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Astana, Kazakhstan • 25 February, 2024 | 13:41

What Are the Most Common Trends in Modern Kazakh Media?

How technology has transformed our news consumption cycle

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Freepik
Freepik

On February 2, Kazakhstan for the first time celebrated National Press Day. The date was chosen to commemorate the first issue of Qazaq newspaper published 111 years ago in 1913. This was the foundation of domestic professional journalism, as the newspaper pages featured publications by renowned Kazakh intellectuals such as Ahmet Baitursynuly, Mirzhakyp Dulatuly, and Alikhan Bokeikhan, among others.

While the day is dedicated to printed media only, it is a great occasion to embark on the changes and trends of contemporary journalism in Kazakhstan as a whole.

Shift to social media

Kazakhstan’s media landscape has seen a notable shift in its news dissemination approach, as social media platforms have gained popularity more than ever. The most prominent example is news outlets increasingly turning to the Telegram messenger platform to deliver real-time updates and breaking news. While conventional news websites still dominate in reader count, channels of those websites have become a go-to source for tens and even hundreds of thousands of users. Nonetheless, media in Kazakhstan still use Telegram and other messengers/social media as means to redirect readers to the full article rather than platforms to post full publications.

It can be assumed that the perceived spontaneity, variety in tone of voice (Telegram channels tend to be more informal in style), as well as ease of use of the platform, largely contributed to such a shift in consumption— most media outlets can now bombard their audience with live updates from any event at such a speed that the news publication pipeline can take under a minute. Even some press releases from officials are first published on Telegram before being spread across the Kaznet.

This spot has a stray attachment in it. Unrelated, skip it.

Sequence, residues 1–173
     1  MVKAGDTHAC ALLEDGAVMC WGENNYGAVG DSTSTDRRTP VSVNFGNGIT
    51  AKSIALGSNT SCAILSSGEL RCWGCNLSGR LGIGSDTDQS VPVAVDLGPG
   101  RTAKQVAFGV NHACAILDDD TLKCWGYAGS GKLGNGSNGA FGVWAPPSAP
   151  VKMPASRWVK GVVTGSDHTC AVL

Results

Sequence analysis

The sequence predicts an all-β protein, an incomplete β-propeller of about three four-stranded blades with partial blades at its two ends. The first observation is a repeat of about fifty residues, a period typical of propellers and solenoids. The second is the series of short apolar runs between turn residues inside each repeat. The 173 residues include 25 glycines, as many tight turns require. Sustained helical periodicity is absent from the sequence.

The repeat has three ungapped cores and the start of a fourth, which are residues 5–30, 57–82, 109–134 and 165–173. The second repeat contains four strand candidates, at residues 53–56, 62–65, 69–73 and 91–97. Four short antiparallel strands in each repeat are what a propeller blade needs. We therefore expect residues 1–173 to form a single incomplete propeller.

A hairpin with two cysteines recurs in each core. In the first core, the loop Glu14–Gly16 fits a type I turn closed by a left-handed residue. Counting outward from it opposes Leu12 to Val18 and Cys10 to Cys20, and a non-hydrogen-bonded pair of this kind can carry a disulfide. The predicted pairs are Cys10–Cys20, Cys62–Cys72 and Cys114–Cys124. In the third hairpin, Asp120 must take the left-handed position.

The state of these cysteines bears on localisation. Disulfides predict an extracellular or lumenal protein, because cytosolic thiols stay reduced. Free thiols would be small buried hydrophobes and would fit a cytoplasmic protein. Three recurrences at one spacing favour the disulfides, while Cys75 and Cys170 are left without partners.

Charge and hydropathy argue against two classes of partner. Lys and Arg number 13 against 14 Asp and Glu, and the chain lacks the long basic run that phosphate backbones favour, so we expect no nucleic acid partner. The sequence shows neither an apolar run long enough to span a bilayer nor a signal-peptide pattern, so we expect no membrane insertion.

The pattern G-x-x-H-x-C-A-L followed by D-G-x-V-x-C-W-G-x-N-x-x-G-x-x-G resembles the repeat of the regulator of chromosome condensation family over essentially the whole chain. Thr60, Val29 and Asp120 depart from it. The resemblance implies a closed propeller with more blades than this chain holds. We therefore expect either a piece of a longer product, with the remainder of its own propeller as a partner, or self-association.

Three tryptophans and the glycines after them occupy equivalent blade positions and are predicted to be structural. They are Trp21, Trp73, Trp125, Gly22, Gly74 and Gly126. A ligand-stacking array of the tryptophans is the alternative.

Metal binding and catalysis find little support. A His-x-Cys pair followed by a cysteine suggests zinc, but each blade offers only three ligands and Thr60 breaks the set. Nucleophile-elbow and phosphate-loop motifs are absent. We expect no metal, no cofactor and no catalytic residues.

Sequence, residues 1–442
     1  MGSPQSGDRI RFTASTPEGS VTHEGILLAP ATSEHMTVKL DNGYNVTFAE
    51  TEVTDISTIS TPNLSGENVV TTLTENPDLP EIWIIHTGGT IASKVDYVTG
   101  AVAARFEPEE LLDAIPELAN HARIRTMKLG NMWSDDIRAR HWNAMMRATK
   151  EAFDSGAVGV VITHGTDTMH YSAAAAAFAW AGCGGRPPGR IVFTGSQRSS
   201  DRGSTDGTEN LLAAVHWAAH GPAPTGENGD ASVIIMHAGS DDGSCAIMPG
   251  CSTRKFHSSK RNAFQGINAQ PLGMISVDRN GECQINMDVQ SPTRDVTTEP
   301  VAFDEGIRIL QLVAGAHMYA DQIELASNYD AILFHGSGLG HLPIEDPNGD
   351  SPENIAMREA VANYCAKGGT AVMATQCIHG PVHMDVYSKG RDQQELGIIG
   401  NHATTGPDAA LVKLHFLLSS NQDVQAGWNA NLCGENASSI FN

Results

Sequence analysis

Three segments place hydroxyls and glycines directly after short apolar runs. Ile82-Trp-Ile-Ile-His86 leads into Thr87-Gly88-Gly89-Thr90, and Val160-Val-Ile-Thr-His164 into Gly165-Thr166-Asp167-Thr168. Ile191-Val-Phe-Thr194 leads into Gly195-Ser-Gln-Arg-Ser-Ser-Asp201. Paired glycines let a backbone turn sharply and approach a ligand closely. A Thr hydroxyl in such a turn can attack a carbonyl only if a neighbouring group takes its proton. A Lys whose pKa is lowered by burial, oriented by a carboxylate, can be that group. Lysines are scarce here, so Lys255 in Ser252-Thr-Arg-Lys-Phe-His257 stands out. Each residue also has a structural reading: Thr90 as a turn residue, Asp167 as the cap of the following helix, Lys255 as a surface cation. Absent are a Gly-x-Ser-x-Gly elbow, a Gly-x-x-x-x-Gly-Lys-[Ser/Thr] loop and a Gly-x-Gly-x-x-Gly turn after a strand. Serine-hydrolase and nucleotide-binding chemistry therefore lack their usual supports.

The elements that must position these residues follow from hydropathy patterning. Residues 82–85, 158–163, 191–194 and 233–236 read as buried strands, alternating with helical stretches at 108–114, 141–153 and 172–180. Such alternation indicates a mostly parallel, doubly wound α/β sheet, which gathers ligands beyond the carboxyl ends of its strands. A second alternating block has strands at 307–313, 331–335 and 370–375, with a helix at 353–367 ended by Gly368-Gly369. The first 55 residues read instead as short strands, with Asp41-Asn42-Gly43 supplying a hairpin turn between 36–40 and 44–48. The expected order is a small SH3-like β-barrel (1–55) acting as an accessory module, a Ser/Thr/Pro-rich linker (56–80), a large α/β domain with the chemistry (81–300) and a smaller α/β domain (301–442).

This convenience standpoint makes It hard to predict whether news apps in Kazakhstan — another modern way to consume information — will be able to retain the audience in the long run. Unlike many Western media, Kazakhstan’s news apps hardly ever have any 'paywalls', or extra subscription-tier content.

Citizen journalism

Similar to how computers ‘democratized’ the music recording industry, social media has become a relentless generator of news tips, hot topics, and reactions. This does not mean that user-generated content has become a replacement for traditional news; instead, journalists use such content to create articles of their own, raising awareness on certain issues or contacting the correspondent authorities to comment on, say, “a shocking video that disgruntled the users”.

Fact-checking and data-driven storytelling

The abundance of untruthful (intentionally or not) and even AI-generated content has made journalism more challenging than ever, requiring scrupulous fact-checking. In addition to dedicated fact-checking websites, it has become quite common for news agencies in Kazakhstan to “bust the myths” either by investigating fresh fakes themselves or publishing official responses.

Fortunately, this growing need to fact-check data found online has led to the creation of media and analytical resources that focus on visual storytelling and statistics. Technical tools allow for quick data analysis but require certain dedication to avoid biases and unreasonable conclusions when analyzing the trends.

Disclaimer: The views expressed in this article are those of the guest author and do not necessarily reflect the opinions or stance of The Qazaqstan Monitor.

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